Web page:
Welcome to The Closing Bell. This is your last stop for biz scoops and big news before the weekend — a roundup of stories that can’t wait till Monday.

Stock market plunges again; Dow off 10 percent from its all-time high

The Dow fell more than 1,000 points Thursday. | Courtesy of Yahoo Finance

Stocks plunged further on Thursday, with the Dow Jones industrial average officially entering correction territory, having fallen more than 10 percent from its all-time high. The combined value of three Louisville companies — Humana, Brown-Forman and Yum Brands — has fallen more than $6 billion in the last week.

The Dow on Thursday was down more than 700 points in midafternoon, then rose slightly before falling sharply to end the trading day down more than 1,000 points. That’s on top of declines of more than 1,800 points from Friday and Monday — though the index had bounced back on Tuesday, rising nearly 600 points.

At its close on Thursday, the Dow had declined 2,765 points, or more than 10.3 percent, since Jan. 26. A stock market correction, which is not uncommon during bull markets, is a decline of 10 percent or more over a period of more than one day. A crash is a decline of 10 percent in one day.

Since Thursday’s close, shares of Yum have fallen more than 9 percent, Brown-Forman’s have fallen nearly 8 percent, and Humana’s stock price is down 6.2 percent.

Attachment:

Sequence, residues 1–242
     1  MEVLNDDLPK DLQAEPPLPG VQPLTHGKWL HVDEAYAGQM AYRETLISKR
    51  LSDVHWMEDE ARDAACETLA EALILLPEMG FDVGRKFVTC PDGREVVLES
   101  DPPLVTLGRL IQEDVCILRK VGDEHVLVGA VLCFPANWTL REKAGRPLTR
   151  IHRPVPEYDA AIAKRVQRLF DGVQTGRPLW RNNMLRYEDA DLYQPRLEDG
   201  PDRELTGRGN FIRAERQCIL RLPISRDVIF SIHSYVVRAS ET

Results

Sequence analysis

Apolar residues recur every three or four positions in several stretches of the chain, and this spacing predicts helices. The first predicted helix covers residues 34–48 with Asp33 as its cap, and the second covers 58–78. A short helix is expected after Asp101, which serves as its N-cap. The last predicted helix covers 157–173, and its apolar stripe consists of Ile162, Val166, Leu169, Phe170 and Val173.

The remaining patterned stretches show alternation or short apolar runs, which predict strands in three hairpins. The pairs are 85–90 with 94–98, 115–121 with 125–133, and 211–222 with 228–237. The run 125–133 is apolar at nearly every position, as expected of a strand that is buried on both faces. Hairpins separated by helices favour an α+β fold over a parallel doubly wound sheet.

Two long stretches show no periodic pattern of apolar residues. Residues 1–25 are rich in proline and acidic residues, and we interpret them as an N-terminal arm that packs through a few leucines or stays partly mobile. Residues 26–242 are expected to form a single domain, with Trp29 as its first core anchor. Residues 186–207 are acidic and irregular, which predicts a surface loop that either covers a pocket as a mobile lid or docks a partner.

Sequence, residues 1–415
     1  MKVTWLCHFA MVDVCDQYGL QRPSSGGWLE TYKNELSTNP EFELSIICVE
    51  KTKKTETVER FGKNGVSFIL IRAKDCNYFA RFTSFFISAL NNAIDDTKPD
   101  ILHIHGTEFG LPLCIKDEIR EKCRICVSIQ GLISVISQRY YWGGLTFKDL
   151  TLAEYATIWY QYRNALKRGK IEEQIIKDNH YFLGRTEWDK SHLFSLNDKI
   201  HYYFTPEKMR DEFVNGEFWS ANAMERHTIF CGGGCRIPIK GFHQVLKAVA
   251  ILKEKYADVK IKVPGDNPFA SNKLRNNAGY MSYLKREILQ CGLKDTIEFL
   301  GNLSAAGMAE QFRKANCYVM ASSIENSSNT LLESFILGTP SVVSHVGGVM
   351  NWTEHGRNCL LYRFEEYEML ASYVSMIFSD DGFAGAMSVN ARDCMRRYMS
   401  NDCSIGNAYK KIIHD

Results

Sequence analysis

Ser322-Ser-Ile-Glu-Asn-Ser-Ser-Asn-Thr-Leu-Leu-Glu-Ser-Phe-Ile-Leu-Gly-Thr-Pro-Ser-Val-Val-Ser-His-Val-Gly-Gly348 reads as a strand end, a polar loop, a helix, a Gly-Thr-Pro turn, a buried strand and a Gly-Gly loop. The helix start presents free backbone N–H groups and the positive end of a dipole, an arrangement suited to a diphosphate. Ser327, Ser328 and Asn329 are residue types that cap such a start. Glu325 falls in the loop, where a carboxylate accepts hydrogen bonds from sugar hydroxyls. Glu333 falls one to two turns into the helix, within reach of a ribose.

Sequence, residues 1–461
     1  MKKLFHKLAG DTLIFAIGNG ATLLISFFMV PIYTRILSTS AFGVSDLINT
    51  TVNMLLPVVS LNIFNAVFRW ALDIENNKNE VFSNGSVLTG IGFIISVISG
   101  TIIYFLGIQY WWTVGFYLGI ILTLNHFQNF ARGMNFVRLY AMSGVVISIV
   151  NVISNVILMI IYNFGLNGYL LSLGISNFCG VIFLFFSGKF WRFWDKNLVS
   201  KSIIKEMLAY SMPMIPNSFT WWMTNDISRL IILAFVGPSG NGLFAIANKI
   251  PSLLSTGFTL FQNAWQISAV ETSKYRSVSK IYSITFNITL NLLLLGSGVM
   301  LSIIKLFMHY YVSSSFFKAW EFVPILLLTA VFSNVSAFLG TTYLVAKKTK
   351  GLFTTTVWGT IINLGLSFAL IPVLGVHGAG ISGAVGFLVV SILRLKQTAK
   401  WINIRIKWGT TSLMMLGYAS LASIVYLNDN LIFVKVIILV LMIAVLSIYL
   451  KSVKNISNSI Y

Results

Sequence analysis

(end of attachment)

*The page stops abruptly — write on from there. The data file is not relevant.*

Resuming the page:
In total, the market cap of the three companies has declined by more than $6.2 billion since Thursday. The value of Humana and Yum each has fallen about $2.5 billion. —Boris Ladwig

Humana report fails to impress investors

Humana’s fourth-quarter results didn’t impress investors. The company’s shares fell 1.6 percent Wednesday — more than three times the loss incurred by the S&P 500 — after the Louisville-based insurer said that it had generated an adjusted quarterly profit of $2.06 per share, down 12 percent from a year earlier.

Humana adjusted earnings for both quarters to remove, among other things, the impact of costs and benefits related to its failed merger with Aetna.

Humana also said that it expected adjusted earnings this year of about $13.75 per share, up about 17.5 percent from last year. The increase will come, in part, from the recently passed federal tax law, which reduced the corporate tax rate.

Humana said that the law would lift its EPS by about $4 this year, and that it would pass on about half that gain to shareholders and would spend the other half on employees and communities.

Humana in mid-January had announced that it would use a portion of the tax cut gain to move up, by one year, the payouts for employees participating in its performance-based incentive program and to increase the minimum hourly wage rate in the continental U.S. for full- and part-time employees to $15.

However, the company could not be reached to say what the current minimum wage is or how many employees would be affected by the raise and the accelerated bonus program.

Humana on Wednesday also said that it would speed up it investments in technology and operational processes to get consumers more involved in health-related activities, to improve clinical outcomes and to “make health care and coverage more affordable.” —Boris Ladwig

Yum Brands invests in GrubHub to rapidly expand its delivery service

Yum Brands announced a partnership with GrubHub. | Courtesy of BusinessWire